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The Shalvi/Hyman Encyclopedia of Jewish Women

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Elise Richter


by Harriet Freidenreich

In 1896, the Austrian government permitted women to take matriculation examinations. Elise Richter, 31 years old, was one of the first to take advantage of the new law. She went on to earn a doctorate from the University of Vienna, which appointed her associate professor twenty years later, making her the only woman to hold an academic position at an Austrian university before World War I.

Institution: Gidal-Bildarchiv im Salomon Ludwig Steinheim-Bildarchiv für deutsch-jüdische Geshichte e.g., Duisberg

In Brief

Elise Richter was born in Vienna and was educated from a young age, but she was determined to pursue a university degree. Before women were permitted into Austrian universities, she audited lectures and took special courses for women. A decree in 1896 allowed Richter to become part of the first group of women to study at the University of Vienna. She received doctoral and post-doctoral degrees and subsequently taught classes on various Romance languages while publishing extensively; however, she only received a paid teaching contract in 1923. Richter continued teaching until she was seventy-three and remained in Austria despite the 1938 Anschluss. She suffered under the restrictions imposed on Jewish Austrians, was deported in 1942, and died in 1943.

One of the first women to earn a doctorate from the University of Vienna, Elise Richter was the only woman to hold an academic appointment at an Austrian university before World War I. As an instructor and later an associate professor of Romance languages at her alma mater until 1938, she made important scholarly contributions to the field of historical and comparative linguistics.

Early Life

The youngest of the three daughters of Maximilian Richter, a physician, and his wife, Emilie, a homemaker, Elise was born in Vienna on March 2, 1865. She and her only surviving sister, Helene, who was four years older, received all of their schooling at home with a Prussian governess, who taught them German, French, and English, as well as history and geography. Like many other girls growing up in cultured, middle-class homes in Vienna, the Richter daughters were exposed to art, music, and theater from a young age, and cultural activities continued to play an important part in their lives. Although of Jewish descent, the family was not affiliated with any religious community. Elise and her sister attended church services occasionally, but never went to synagogue. They were not baptized, however, and were officially registered as konfessionslos, or belonging to no denomination.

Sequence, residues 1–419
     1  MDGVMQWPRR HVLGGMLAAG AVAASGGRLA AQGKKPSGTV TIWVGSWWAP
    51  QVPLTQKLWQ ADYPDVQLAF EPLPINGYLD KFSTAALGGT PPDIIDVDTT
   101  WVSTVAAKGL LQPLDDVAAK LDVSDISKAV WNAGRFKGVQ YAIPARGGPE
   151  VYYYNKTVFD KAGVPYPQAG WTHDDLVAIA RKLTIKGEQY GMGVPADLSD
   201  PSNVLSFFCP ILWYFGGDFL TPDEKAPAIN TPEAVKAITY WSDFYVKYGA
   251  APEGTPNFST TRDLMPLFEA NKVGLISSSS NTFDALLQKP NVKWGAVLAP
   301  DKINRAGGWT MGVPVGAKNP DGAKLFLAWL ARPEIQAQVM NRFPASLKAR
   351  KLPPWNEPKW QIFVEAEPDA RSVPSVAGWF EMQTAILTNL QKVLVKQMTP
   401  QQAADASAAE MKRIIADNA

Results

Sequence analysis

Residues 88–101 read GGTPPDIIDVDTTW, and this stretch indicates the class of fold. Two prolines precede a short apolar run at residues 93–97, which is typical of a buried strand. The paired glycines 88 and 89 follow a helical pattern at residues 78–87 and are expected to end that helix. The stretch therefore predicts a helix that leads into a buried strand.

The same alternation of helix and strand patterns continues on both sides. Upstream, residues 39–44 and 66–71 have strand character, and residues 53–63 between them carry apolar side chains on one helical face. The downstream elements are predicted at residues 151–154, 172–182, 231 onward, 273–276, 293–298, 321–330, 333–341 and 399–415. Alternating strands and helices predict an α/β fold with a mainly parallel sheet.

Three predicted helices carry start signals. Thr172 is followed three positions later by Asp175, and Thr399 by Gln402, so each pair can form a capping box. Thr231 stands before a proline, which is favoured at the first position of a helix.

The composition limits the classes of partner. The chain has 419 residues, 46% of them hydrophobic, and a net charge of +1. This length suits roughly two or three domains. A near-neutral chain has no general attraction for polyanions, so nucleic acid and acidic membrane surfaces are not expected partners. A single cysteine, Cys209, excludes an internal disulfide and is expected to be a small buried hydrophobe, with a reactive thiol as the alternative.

As teenagers, Elise and Helene Richter were extremely jealous of boys, who had access to a Gymnasium education, which prepared them for university. Resenting the fact that girls were denied a higher education, they studied foreign languages on their own, Helene specializing in English literature and Elise branching out into Italian, Spanish, and then Latin. In the 1890s, they began auditing university lectures with special permission from professors and enrolled in special classes sponsored by the Association for Advanced Education for Women.

The two sisters maintained very close bonds throughout their lives, living together after the early death of their parents and taking care of one another through many bouts of illness. From the age of twenty, Elise suffered from severe rheumatism and was rarely free of pain. Helene was afflicted with various eye and nervous disorders and frequently experienced depression. Elise compared their relationship to a marriage, which provided mutual support and companionship.

University Education and Career

While the older sister looked after their home, her younger sibling was determined to pursue a university degree and an academic career, despite the formidable odds against her. Helene, an autodidact, eventually received an honorary doctorate from the University of Erlangen on July 22, 1931, on the occasion of her 70th birthday in recognition of her achievements in the field of English literary history. After an Austrian ministerial decree in 1896 granted women permission to take Matura (Austrian matriculation) examinations as externs at a boys’ Gymnasium, Elise Richter, already thirty-one years old, began preparing for her examinations with various tutors, encountering special difficulties with math and sciences, in which she had little background. 

The most difficult challenge she faced, however, was not passing the written tests, but reaching the second story of the Akademisches Gymnasium in order to take her orals, since severe rheumatism made it almost impossible for her to climb steps. She received special permission not to have to stand during this lengthy cross-examination. In Richter’s opinion, her Matura in 1897 proved much more of an ordeal than subsequent examinations at university. She was among the handful of women ready to matriculate as soon as the University of Vienna opened its doors to female students. 

After studying at the University of Vienna with two leading Romance philologists, Adolf Mussafia and Wilhelm Meyer-Lübke, who became her mentors, she passed her doctoral orals in comparative linguistics with highest distinction (summa cum laude) in 1901, and then her post-doctoral dissertation defense for her university teaching credential (Habilitation) in Romance philology in 1905. It took two more years, however, before she received her official appointment as the very first Privatdozentin, or unsalaried lecturer, in both Austria and Germany. In 1921, she received a promotion to the rank of untenured associate professor, another first for an Austrian woman.

Impact of Female Identity